Plano students ride cross-country to raise funds for cancer research and awareness
Katie Russell is exploring American this summer. Armed with a 10-speed bike, lots of water and a passion for change, Russell is among 70 students from the University of Texas in Austin, riding to fight cancer.
Since 2004, Texas 4000 for Cancer hosts an annual bike ride from Austin to Anchorage to raise money for cancer research and cancer awareness.
Smith Ketterer, program coordinator for Texas 4000 said the organization was founded by Chris and Mandy Condit. In the inaugural ride, the Condit’s took 43 students on the world’s longest bike ride to fight one of the nation’s greatest threats.
“Why stop in San Antonio? Why stop in California? Why not keep going?,” she said. “We can spread more cancer awareness, cancer prevention.”
Each rider is tasked to raise $4,500, ride over 2,000 miles and volunteer about 50 hours before the ride. So when the riders were selected last November, they had about a year to prepare for the long ride ahead of them. There are three trails – Sierra, Rockies and Ozarks – which all guide residents through various scenic routes across America.
Ketterer said the ride between Austin and Anchorage is about 4,600 miles, so each rider can raise a dollar for each mile they ride. The 2017 class is on target to raise between $800,000-$850,000 for cancer research, which would break the 2015 record of $731,824.
All of the funds raised during the ride will be granted out to diverse organizations connected to cancer research. So instead of donating to one specific cause, Texas 4000 shares their proceeds to any organization affected by cancer whether that be medical schools, research facilities, family services and more.
“We don’t do any specific group, which is kind of cool because the riders have been touched – themselves or with family members or close friends – and affected by a variety of cancers, so we’re trying to cover a lot of ground,” Ketterer said.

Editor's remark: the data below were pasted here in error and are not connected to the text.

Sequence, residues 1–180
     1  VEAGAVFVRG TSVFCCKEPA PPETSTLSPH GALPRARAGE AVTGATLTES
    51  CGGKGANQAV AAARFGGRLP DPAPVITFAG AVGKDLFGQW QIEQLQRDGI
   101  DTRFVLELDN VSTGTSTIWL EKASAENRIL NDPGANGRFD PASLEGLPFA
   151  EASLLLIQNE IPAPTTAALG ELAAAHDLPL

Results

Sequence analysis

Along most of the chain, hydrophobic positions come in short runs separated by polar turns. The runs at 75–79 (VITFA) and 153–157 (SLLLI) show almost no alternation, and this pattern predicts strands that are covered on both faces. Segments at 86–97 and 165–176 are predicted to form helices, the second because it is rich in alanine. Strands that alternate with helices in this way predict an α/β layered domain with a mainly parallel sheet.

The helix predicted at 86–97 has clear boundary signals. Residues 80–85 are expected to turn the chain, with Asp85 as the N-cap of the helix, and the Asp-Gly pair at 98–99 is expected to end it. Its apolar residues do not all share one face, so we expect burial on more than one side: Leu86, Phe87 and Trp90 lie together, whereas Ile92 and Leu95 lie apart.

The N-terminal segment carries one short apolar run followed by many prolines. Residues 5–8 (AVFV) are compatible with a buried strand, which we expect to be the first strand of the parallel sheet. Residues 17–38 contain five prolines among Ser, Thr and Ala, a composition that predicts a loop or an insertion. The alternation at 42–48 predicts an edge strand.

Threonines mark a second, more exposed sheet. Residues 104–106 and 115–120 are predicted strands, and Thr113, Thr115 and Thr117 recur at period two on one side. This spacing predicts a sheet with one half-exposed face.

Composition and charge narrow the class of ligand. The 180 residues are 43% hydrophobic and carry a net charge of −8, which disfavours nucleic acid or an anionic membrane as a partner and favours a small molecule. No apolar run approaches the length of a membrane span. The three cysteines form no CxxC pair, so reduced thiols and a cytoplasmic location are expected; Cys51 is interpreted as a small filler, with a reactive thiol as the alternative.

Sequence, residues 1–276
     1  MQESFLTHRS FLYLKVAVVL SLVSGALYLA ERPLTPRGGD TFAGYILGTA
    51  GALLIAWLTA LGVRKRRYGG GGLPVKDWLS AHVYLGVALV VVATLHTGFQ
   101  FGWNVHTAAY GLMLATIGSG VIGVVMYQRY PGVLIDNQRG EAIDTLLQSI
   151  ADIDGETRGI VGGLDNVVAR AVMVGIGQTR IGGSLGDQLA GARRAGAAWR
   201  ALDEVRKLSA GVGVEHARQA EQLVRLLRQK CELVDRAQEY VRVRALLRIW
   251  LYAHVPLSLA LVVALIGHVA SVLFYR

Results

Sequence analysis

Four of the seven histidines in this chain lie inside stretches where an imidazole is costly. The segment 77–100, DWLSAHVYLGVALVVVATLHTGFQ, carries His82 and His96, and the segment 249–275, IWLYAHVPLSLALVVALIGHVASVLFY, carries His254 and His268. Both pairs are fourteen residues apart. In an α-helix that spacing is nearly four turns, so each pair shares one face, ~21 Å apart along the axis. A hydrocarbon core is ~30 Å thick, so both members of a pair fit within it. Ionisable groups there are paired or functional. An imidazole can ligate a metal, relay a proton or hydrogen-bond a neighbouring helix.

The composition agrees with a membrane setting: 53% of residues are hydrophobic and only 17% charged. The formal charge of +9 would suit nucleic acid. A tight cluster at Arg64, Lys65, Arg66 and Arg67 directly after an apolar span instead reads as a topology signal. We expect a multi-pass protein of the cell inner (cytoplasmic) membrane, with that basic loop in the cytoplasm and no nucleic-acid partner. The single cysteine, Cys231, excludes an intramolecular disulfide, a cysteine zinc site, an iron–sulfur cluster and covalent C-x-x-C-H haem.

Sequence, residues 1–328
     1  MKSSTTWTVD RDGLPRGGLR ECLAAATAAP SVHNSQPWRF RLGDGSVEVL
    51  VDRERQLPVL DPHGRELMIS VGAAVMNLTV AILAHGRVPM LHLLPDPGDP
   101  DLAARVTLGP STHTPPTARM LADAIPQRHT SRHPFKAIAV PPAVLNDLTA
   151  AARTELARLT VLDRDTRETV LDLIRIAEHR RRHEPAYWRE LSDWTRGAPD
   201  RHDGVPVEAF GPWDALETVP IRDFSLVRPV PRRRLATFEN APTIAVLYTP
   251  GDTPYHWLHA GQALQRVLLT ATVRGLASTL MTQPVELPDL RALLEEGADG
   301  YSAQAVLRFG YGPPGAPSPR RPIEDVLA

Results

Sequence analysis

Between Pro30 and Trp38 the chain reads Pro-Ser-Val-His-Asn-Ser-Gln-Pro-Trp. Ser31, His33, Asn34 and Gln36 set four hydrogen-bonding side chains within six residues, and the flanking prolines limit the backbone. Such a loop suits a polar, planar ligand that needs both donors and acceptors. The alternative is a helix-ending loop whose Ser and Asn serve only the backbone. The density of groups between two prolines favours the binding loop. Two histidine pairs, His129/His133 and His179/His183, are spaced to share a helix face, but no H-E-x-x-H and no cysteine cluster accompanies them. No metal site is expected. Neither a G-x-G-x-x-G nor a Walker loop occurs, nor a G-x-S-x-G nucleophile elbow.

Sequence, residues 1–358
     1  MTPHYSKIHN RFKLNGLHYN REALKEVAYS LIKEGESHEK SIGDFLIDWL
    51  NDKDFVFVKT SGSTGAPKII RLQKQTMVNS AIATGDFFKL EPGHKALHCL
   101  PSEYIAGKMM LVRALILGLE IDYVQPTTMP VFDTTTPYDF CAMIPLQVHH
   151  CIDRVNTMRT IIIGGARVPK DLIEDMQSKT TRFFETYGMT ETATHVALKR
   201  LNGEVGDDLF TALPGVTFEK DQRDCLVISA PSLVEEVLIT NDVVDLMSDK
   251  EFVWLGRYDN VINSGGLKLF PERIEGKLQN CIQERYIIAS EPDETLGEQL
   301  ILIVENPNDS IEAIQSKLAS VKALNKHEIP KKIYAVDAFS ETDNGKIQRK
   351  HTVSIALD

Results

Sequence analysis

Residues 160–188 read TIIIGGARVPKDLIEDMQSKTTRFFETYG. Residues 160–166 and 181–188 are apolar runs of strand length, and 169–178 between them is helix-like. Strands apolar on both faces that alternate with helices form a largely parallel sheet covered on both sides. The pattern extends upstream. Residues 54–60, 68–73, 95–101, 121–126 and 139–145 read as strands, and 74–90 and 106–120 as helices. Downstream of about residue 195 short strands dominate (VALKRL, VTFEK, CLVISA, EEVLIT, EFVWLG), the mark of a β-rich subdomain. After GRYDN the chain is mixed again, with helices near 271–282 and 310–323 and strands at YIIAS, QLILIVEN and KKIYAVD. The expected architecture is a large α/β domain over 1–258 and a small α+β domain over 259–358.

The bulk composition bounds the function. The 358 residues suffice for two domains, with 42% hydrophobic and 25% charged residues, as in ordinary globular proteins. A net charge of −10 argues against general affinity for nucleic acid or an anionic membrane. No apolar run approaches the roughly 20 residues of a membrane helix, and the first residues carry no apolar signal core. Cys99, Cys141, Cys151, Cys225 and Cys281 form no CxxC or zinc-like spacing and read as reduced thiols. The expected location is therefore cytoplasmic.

Several Collin County students chose to ride this year. Students like Kelsey Ball, Trey Curran, Jen Gigliotti, Caitlin O’Beirne and Basil Hariri of Plano are among many riders who ride for someone they love. A father. A friend. A sister or a mother. For Katie Russell, she rides for her family tree, which has continuously be affected by all types of cancer.
In her Texas 4000 biography, Russell wrote, “Beginning in elementary school, I watched as this awful disease crept down my family tree. My great-grandma, my grandpa, my grandma, my aunt, my uncle,” Russell said. “I couldn’t understand why this thing called “cancer” was so prevalent in my family, and I feared it would inevitably control my life one day.”
After seeing her Uncle Chuck lose his fight against cancer, she said she didn’t want to sit idly by, powerless to make change. By participating in the ride, she hopes to raise grant money that can fund early-detection methods, and hopefully, one day a cure.
Russell and the Sierra team are approaching day 50 of their cross country ride, and she said spirits are still high.
“The first couple weeks were really the hardest part,” she said. “There’s nothing really to prepare you for riding 80 [miles] and then 90 [miles], and then 100 [miles] and then 80 [miles] the next day. I think I really struggled the first couple weeks, but after that, you start to get stronger. I think your confidence as a team and trusting in each of your teammates as you finish up a ride and everybody’s in it together,” she said.
The 24 riders on the Sierra trail all have a goal to finish each day for someone they love.
Some days are harder than others, but on the good days, the riders talk together and share stories of their families while they marvel at the scenery.
Many of the riders have lost loved ones to cancer like Russell, but she said instead of dwelling on their deaths, the riders tend to remember each friend, parent, grandparent or relative as they were and relive the best parts of them.
Many of the riders are documenting their rides on social media. Residents can follow Russell at her instagram – katie_bikes_alot – to see her day-to-day rides and reflections.
Through the rides, Russell said she’s learning patience and perseverance, on top of raising money for cancer research. In a team of 24, everyone has varying strengths and talents, so she said this journey has challenged her to put others before herself.
“Learning that I’m here for something bigger. This is not a vacation individually. It’s not about our wants and needs. [We have to] make decisions about what’s best for everyone. I think that’s a really good mindset to have that I want to carry into my life,” she said. “It’s not all about you.”
The toughest day so far was the day they rode around Lake Tahoe. The team rode over 100 miles in 14,600 feet of elevation. Not many of her team members finished all in one day, but she did.
“I’m really proud of my mental strength, knowing my body can do way more than I think it can because it really is all mental at this point,” she said. “It’s something that really gave me a boost in mental strength because if I can do that day, then I feel like I can do anything else.”
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